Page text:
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  • Publication
    Accès libre
    Pragmatic inference, levels of meaning and speaker accountability
    Alison, Hall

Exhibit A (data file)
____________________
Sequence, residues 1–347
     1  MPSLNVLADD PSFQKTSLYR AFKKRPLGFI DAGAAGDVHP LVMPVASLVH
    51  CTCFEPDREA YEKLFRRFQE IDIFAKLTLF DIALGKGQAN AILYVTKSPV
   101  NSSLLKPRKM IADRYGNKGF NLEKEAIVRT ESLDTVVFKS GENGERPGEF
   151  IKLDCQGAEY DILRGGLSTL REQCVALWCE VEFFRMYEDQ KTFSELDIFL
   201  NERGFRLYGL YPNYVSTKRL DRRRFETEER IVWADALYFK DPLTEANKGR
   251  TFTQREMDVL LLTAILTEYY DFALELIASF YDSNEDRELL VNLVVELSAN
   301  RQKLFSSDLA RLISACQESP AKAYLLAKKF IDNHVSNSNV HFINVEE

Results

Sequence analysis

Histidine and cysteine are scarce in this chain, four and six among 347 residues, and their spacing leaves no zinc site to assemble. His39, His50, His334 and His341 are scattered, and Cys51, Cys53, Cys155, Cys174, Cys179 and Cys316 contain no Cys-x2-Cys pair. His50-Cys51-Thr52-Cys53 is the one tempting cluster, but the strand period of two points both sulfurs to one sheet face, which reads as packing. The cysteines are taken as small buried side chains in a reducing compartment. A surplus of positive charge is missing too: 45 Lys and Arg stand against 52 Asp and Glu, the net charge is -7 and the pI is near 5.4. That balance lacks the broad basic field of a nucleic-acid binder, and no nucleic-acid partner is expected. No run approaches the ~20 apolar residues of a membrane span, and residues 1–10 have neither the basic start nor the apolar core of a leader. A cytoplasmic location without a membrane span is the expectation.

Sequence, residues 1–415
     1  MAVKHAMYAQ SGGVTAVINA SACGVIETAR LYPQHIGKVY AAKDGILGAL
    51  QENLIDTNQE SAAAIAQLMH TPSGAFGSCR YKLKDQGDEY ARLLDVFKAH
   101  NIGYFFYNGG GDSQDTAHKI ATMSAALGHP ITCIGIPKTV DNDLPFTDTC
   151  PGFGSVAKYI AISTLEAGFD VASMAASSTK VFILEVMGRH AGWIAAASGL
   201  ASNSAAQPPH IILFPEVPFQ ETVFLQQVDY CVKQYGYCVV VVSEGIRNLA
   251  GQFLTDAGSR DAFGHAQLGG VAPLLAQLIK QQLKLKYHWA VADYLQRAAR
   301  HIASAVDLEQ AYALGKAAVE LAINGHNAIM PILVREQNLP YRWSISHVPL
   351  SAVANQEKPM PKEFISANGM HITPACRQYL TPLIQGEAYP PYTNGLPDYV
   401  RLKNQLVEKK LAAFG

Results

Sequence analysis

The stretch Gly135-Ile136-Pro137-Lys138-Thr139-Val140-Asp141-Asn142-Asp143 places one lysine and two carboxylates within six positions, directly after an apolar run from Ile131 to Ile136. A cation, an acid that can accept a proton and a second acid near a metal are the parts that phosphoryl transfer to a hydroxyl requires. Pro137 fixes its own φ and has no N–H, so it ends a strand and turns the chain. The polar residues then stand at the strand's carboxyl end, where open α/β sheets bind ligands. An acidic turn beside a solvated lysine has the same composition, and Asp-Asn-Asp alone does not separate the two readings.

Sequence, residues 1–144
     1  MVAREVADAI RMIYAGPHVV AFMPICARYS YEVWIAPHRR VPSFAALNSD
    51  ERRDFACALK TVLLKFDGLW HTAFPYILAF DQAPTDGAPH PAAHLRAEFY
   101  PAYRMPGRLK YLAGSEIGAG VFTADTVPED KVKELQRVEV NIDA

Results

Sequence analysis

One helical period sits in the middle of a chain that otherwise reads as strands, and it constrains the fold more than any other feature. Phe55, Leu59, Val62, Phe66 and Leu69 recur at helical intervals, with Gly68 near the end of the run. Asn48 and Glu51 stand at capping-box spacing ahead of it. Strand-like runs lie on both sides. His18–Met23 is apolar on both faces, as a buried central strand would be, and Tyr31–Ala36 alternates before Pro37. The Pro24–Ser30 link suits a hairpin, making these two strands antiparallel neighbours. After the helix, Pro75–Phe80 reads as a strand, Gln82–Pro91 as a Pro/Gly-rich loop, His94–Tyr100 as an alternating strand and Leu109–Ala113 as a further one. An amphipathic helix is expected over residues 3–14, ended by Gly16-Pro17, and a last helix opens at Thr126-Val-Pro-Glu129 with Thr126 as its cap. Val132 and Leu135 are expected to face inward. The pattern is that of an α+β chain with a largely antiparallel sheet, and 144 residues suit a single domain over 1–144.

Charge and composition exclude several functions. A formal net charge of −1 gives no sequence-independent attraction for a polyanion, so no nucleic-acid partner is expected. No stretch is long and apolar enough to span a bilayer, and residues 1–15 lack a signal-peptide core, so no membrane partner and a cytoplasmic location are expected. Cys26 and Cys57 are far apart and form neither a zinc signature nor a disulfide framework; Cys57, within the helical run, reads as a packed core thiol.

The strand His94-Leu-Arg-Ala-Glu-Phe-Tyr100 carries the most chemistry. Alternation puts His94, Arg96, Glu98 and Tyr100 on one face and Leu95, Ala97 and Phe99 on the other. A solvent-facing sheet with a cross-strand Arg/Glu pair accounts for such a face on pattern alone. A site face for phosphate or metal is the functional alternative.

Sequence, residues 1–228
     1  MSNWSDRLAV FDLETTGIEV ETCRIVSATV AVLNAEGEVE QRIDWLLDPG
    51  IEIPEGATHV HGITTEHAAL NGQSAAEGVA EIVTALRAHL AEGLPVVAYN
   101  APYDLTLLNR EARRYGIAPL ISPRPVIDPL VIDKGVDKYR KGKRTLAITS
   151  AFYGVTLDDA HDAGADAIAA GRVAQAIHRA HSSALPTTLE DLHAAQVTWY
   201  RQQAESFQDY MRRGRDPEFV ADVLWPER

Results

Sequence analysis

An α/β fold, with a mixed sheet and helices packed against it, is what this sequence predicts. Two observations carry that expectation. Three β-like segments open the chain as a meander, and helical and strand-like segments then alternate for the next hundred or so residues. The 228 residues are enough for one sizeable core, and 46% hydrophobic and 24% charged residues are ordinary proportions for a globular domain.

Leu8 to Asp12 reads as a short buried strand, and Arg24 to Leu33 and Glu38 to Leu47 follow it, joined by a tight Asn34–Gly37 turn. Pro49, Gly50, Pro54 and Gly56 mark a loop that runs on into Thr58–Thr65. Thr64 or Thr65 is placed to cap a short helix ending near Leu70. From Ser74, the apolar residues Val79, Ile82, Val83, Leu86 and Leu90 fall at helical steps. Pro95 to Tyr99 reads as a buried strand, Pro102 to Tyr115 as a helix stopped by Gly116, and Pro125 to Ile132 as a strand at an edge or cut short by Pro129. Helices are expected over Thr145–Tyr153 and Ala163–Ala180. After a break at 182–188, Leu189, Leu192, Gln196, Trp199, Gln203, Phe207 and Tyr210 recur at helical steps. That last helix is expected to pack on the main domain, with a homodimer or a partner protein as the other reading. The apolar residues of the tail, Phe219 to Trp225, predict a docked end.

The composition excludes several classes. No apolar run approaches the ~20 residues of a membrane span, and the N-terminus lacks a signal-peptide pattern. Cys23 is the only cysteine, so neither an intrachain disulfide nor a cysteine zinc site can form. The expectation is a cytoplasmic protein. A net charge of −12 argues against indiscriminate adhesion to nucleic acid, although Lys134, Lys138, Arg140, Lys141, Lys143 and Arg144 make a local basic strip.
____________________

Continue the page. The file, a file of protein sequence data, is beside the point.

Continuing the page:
Are speakers held more accountable for what they explicitly communicate than for what they implicate? Speakers typically communicate more than they linguistically encode, thus leaving to addressees the task of inferring what they intend to communicate. As a result, the linguistically decoded meaning is pragmatically enriched to arrive at what the speaker says (or directly communicates) - the ‘explicated content’ of the utterance - which can serve as a premise for the derivation of further implicit meanings - ‘implicatures’. This paper experimentally explores the relationship between speaker accountability and levels of meaning. Our findings demonstrate that speakers are held more accountable, and thus suffer greater reputational costs, when they explicitly communicate a piece of false information than when they do it implicitly, independently of whether or not there is pragmatic enrichment involved at the level of the ‘explicated content’ (Study 1). Furthermore, our findings show that, in deceptive contexts, the kind of pragmatic enrichment at issue does affect speaker accountability: when the deceptive content is inferred via completion, speakers are held more accountable for what they explicitly communicate than when it is inferred via expansion (Study 2). These results provide the first empirical evidence in favour of the relevance of the distinction between completion and expansion to liability judgements in cases of dishonest communication.